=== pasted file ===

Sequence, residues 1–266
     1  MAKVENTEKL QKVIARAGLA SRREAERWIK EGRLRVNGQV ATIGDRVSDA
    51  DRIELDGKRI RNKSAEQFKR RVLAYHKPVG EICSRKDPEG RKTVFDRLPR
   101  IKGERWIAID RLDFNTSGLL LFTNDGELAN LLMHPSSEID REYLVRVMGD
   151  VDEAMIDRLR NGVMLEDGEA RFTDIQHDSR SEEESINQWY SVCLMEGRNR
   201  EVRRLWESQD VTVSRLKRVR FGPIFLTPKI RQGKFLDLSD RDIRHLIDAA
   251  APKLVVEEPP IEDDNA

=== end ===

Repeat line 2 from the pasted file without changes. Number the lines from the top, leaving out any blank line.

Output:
     1  MAKVENTEKL QKVIARAGLA SRREAERWIK EGRLRVNGQV ATIGDRVSDA